As for the ‘you didn’t contract for that’ argument, that is rarely the problem. The much more common issue when dealing with private insurance companies (as I can speak from experience from dealing with my partner’s medical bills) is that the insurance company refuses to pay under circumstances which they HAVE agreed to pay due to ‘exceptions’ and ‘technicalities’ designed to delay paying bills they are entirely obligated to pay until forced by lawyers. Frequently, during the interim, they stop paying for all services entirely, claiming the consumer is in non-compliance. This is not ethical business practice, if it were practiced individuals instead of corporations it would be criminal fraud and breach of contract, but because it is practiced by corporations it is considered ‘business.’
    As I have said before, I am all in favor of a capitalist economic system, but fraud, breach of contract, and depraved indifference are criminal acts for which corporations should be held responsible and not merely ‘problems easily solved by the free market.’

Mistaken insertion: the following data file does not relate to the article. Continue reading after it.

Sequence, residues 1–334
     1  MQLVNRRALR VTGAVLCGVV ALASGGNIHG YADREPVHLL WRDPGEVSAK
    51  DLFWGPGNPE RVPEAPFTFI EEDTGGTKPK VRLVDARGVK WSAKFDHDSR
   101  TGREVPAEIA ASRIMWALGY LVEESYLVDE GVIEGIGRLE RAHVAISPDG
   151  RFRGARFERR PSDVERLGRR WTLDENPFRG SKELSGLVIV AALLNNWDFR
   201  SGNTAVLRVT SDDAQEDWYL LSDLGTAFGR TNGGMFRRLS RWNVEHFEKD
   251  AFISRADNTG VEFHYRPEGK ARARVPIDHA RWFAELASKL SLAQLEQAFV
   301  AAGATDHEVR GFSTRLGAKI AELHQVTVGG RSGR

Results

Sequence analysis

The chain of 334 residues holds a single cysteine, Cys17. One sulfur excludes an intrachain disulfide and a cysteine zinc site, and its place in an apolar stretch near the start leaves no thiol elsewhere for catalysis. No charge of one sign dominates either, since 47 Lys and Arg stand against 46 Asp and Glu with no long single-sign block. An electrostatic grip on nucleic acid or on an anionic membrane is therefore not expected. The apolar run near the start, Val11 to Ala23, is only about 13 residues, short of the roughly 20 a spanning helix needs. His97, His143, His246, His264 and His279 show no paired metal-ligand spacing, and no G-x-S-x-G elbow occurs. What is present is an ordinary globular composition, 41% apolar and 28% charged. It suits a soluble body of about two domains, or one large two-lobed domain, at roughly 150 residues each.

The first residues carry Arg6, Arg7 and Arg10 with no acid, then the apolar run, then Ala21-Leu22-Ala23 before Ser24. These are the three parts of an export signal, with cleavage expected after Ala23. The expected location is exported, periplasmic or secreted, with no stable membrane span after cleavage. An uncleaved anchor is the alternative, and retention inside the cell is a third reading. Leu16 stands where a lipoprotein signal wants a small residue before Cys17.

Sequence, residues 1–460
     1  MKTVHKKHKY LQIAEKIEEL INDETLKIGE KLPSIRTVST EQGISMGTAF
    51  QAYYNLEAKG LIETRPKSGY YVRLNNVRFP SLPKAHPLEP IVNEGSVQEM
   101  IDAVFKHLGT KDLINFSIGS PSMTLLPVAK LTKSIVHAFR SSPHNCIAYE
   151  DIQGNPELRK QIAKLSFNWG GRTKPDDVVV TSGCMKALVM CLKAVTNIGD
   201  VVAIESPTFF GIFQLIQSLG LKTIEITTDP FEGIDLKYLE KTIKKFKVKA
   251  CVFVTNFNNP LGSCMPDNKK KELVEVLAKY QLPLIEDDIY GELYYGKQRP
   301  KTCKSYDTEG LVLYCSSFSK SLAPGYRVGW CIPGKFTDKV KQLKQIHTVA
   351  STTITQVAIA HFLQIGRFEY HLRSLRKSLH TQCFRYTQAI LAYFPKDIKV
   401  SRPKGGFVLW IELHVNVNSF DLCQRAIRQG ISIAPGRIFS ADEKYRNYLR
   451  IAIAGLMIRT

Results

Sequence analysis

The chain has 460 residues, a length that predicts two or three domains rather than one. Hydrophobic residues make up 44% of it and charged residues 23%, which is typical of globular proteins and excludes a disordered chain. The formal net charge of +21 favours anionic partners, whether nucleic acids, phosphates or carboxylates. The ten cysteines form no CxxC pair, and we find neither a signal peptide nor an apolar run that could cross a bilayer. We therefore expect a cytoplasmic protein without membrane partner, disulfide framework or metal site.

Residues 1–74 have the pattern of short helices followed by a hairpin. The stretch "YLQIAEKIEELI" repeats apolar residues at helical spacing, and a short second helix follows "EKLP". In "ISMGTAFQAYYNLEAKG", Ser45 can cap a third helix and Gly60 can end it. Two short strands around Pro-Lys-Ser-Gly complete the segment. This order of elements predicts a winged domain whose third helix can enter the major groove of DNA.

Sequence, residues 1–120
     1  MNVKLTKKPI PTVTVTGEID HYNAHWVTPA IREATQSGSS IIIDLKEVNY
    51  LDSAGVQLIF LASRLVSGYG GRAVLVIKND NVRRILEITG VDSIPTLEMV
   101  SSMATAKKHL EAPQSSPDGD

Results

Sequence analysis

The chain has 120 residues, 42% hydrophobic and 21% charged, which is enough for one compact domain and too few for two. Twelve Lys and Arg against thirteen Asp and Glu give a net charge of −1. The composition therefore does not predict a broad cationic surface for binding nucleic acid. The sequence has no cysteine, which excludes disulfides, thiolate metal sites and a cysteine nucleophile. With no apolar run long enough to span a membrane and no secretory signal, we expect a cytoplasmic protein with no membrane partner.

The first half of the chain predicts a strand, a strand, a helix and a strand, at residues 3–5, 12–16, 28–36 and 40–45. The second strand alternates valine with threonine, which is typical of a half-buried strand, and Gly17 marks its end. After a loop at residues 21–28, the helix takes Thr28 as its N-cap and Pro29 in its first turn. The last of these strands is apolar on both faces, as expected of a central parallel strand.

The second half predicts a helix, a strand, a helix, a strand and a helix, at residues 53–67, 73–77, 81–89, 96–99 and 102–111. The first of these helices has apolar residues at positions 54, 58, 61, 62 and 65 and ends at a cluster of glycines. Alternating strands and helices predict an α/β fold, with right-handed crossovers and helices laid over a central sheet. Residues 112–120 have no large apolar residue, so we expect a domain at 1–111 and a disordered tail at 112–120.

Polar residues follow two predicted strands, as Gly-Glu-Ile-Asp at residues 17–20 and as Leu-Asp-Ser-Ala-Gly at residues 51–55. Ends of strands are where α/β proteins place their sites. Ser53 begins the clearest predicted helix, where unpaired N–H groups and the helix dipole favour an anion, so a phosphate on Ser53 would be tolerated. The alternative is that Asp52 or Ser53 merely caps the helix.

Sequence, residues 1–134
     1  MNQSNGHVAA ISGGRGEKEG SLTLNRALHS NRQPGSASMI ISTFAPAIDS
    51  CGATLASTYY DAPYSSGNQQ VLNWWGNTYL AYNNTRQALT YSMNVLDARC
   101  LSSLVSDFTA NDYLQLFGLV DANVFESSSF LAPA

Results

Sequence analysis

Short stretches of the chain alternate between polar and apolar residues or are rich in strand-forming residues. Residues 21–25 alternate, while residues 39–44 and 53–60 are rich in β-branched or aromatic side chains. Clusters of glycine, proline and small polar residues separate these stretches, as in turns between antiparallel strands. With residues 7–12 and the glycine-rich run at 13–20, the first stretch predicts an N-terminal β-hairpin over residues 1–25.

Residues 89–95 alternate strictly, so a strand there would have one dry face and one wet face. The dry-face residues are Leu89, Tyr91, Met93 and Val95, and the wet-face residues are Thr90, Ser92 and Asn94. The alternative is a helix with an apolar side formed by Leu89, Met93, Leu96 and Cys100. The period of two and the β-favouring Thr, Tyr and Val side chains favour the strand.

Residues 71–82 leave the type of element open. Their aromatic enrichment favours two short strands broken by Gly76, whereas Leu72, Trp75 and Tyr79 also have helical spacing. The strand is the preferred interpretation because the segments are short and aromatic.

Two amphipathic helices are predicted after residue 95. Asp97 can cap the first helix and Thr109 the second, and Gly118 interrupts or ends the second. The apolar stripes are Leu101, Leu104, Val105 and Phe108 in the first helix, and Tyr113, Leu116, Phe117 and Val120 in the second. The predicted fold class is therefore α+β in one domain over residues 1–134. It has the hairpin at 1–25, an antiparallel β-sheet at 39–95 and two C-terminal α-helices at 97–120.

19. 19
    Ron Chusid says:


    “What I am interested in seeing is whether the government allows people to purchase incremental improvements to their state-funded care or whether, as in Britain, that is considered unfair and is banned. I think there will be strong pressure to go with something like the British model.”

    Discussion of the British system is used purely as a scare tactic from the right. There is no support for the British system in this country. Advocates of health care reform oppose the British system.

    Besides, it is untrue that private insurance is banned. There is a thriving market in private insurance there. Actually conservatives often point to the private market as an argument that the government plan has failed.

  20. 20
    Ron Chusid says: